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Stephanie Vines

December 14, 2009
ELED 3110 – Internet Safety/Copyright Assignment

Top 10 Things Teachers Should Know About Internet Safety

1. Bullying is often motivated by prejudice and hate. Some of the most
serious cases are because of bias based on the victim’s personal
characteristics like: race,
religion, national origin, gender identity, and/or sexual orientation.
http://www.adl.org/civil_rights/Anti-Bullying%20Law%20Toolkit_2009.pdf

2. Unfortunately, an increasing number of youth and teens are misusing
online technology tools such as e-mail, text messaging, instant messaging,
chatting and blogging -- to bully, harass, and even initiate or provoke
violence against others who have done nothing to deserve the cruel
behavior.
http://www.adl.org/civil_rights/Anti-Bullying%20Law%20Toolkit_2009.pdf

3. A school’s duty is to maintain a safe learning environment for the students
that attend there. This must also be balanced with each student’s right to
privacy and their freedom of speech. With the increasing rise in
cyberbullying and harassment leading to more serious problems and issues,
schools are seeking ways to create a safer environment; while communities
and legislatures are creating and modifying guidelines on the issue.
http://www.adl.org/civil_rights/Anti-Bullying%20Law%20Toolkit_2009.pdf

4. Cyberbullying is not a topic that is to be taken lightly or misunderstood by
anyone involved. Children have killed each other and committed suicide
after having been involved in a cyberbullying incident. Therefore, the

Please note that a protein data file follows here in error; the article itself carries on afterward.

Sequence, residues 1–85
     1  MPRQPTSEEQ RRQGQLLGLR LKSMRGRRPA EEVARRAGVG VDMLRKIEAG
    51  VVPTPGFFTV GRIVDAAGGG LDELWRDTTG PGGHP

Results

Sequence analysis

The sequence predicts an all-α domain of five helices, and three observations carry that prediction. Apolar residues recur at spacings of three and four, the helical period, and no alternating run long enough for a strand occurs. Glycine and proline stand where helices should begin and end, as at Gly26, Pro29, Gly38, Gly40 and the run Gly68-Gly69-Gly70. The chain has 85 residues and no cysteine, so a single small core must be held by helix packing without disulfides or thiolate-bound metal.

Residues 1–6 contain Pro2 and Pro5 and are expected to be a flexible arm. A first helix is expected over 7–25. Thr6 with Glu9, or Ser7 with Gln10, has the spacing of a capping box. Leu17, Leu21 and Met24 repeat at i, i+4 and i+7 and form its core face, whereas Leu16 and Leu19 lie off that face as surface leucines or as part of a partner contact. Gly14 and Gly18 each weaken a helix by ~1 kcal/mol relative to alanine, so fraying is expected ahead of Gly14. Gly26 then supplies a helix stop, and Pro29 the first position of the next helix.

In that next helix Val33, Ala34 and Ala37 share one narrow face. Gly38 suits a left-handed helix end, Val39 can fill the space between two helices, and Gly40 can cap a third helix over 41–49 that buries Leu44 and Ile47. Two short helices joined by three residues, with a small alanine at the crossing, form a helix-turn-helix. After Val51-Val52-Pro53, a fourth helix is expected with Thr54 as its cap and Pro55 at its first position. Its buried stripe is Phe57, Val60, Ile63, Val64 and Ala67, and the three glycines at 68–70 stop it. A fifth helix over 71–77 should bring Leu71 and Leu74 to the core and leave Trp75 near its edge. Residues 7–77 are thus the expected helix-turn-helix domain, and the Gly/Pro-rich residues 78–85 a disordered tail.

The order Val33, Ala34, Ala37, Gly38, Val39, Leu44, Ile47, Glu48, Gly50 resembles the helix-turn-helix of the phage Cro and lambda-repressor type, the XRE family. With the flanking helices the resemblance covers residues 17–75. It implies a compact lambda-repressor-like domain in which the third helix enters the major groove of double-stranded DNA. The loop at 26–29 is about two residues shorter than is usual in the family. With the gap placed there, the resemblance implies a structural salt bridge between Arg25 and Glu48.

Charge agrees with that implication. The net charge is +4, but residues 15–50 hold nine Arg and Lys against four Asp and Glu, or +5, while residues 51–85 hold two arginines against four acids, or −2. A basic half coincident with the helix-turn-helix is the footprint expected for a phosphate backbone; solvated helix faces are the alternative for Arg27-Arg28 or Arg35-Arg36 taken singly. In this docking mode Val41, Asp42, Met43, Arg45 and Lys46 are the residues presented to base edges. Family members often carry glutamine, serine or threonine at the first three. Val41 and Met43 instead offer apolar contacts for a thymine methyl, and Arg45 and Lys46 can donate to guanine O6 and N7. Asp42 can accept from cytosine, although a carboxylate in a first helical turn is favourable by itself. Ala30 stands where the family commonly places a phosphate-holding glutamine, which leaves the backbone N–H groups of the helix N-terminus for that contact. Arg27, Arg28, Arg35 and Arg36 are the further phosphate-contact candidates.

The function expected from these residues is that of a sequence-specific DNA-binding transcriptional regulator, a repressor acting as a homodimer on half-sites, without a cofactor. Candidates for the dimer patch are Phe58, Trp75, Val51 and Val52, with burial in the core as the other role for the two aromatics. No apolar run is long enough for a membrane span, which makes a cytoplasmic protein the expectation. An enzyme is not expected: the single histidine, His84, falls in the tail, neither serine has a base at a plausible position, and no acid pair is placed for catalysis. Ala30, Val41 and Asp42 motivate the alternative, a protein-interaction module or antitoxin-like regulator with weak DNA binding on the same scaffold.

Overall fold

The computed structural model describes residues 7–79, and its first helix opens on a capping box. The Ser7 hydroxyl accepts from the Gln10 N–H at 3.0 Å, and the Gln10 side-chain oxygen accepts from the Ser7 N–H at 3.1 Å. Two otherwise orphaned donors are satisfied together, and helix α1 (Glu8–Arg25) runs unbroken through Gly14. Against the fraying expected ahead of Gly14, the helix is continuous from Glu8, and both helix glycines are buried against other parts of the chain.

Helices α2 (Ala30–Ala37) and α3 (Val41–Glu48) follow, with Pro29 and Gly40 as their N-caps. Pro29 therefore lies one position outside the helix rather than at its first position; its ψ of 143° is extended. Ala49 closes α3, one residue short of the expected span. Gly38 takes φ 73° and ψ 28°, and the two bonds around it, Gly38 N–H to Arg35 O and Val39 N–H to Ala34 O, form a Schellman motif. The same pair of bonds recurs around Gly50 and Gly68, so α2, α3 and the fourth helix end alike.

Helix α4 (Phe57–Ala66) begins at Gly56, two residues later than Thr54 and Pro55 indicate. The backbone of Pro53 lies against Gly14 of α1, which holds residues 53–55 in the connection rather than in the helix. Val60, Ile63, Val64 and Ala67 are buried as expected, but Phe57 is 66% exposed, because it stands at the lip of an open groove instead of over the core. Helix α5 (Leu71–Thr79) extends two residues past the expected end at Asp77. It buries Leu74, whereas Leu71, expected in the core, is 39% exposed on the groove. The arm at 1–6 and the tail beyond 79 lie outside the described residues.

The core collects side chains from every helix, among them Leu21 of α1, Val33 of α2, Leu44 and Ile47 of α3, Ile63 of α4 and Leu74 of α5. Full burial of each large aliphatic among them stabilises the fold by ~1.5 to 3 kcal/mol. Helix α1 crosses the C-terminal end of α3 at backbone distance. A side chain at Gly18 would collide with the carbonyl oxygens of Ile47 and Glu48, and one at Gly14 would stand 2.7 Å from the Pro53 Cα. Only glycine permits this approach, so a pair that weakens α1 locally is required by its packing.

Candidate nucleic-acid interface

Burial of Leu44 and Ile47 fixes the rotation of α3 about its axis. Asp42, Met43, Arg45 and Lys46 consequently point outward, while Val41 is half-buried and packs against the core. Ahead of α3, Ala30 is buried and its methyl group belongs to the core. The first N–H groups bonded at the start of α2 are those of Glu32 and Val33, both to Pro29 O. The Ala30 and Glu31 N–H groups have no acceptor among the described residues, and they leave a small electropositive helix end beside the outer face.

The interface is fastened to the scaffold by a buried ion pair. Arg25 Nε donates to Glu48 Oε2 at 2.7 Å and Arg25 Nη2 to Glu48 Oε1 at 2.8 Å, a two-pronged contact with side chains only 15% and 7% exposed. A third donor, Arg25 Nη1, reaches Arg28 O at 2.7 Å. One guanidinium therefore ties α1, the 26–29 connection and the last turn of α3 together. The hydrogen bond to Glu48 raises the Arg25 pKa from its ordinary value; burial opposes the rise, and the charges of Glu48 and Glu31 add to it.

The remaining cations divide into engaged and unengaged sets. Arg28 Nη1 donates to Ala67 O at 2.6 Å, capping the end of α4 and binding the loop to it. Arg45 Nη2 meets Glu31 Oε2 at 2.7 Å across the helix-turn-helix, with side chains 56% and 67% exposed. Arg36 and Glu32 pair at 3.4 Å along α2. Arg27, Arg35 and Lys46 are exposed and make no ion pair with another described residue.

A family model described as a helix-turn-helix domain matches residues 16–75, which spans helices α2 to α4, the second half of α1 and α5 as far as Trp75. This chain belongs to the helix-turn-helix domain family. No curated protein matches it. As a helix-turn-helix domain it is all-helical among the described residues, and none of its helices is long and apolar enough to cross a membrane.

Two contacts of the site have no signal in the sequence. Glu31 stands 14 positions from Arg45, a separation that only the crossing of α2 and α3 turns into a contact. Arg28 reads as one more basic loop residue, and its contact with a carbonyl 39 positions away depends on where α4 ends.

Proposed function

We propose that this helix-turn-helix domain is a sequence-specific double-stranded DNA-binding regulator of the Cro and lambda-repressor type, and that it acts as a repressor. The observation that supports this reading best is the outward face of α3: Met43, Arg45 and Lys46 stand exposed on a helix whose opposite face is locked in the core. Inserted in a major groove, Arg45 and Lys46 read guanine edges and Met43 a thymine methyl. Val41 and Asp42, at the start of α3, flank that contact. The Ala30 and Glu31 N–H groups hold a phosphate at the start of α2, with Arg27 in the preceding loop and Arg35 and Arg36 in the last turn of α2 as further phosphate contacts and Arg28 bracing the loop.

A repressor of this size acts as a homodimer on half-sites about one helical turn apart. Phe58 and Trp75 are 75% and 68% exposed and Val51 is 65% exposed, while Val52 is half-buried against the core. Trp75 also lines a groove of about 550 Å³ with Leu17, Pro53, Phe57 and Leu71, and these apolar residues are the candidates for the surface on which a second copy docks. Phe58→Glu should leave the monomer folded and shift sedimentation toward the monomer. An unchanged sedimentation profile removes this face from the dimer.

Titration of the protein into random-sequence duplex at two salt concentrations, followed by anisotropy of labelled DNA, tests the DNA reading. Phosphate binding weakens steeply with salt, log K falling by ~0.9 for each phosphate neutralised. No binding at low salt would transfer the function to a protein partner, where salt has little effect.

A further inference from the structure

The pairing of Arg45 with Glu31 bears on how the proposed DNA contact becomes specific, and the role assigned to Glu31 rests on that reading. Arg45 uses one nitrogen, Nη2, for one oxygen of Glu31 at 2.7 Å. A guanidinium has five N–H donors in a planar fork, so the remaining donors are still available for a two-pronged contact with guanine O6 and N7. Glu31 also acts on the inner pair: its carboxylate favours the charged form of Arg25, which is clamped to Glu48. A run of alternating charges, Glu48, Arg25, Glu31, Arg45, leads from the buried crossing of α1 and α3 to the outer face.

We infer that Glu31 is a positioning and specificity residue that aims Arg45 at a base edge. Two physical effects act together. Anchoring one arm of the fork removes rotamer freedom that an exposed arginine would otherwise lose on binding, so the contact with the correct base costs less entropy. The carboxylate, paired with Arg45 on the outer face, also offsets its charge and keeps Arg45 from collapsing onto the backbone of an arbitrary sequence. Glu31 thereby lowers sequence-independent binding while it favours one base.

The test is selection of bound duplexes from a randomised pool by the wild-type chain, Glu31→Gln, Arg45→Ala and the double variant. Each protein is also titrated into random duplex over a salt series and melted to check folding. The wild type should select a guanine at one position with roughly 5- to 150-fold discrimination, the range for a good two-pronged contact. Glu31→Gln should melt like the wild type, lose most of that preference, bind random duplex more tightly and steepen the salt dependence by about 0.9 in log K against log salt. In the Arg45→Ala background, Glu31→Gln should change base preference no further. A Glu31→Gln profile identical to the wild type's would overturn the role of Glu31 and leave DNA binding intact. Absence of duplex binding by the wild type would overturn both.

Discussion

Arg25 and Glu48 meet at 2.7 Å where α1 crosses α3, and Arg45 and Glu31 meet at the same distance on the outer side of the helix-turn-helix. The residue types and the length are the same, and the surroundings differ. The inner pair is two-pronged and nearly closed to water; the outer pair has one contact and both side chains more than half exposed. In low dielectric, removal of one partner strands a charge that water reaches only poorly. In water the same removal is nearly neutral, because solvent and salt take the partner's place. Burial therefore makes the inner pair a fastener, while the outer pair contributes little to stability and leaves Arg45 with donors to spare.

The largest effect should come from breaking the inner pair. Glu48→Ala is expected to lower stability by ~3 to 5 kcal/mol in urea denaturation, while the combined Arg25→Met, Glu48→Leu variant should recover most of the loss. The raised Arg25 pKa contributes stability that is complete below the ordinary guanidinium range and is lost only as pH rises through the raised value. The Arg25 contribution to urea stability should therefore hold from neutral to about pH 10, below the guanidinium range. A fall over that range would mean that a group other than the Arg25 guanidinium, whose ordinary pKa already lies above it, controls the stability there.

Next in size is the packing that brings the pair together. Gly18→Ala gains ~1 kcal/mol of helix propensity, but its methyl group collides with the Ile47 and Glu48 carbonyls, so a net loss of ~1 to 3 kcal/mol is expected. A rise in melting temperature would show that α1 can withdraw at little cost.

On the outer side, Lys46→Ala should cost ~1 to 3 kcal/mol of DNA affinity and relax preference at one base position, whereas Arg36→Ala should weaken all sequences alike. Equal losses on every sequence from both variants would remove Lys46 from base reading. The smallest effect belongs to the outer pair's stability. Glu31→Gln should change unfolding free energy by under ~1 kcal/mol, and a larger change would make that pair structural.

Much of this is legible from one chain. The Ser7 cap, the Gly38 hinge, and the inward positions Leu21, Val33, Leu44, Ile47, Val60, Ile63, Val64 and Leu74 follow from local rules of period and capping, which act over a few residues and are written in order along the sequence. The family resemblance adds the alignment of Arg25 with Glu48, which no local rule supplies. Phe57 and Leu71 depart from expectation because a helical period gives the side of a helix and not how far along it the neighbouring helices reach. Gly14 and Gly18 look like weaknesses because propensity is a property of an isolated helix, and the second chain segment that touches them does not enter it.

importance of this topic is of up-most importance and should be taken
literally and seriously by all.
http://www.stopcyberbullying.org/what_is_cyberbullying_exactly.html

5. There are two kinds of cyberbullying: direct attacks which are messages
sent to kids directly; and cyberbullying by proxy which involves using others
to help cyberbully the victim, either with or without the accomplice's
knowledge. Both are serious and can cause detrimental harm to students
and children who encounter the abuse.
http://www.stopcyberbullying.org/how_it_works/index.html

6. Keep yourself as well as your student’s parents involved and informed
with anything pertaining to the issue of internet safety. Use this website (as
well as many others) to help gather ideas and information on how you can
help prevent cyberbullying:
http://www.stopcyberbullying.org/take_action/take_a_stand_against_cyberbul
lying.html.

7. Make sure you (as well as your students) are familiar with definitions and
vocabulary words such as the following:
Sexual solicitations and approaches: Requests to engage in sexual
activities or sexual talk or give personal sexual information that were
unwanted or, whether wanted or not, made by an adult. Note that this
includes solicitation from other minors, so unwanted advances by a 13-year-
old on a 14-year-old are included in this.
Aggressive sexual solicitation: Sexual solicitations involving offline
contact with the perpetrator through regular mail, by telephone, or in person
or attempts or requests for offline contact.
Unwanted exposure to sexual material: Without seeking or expecting
sexual material, being exposed to pictures of naked people or people having
sex when doing online searches, surfing the web, opening E-mail or instant
messages, or opening links in E-mail or instant messages.
Harassment: Threats or other offensive behavior (not sexual solicitation),
sent online to the youth or posted online about the youth for others to see.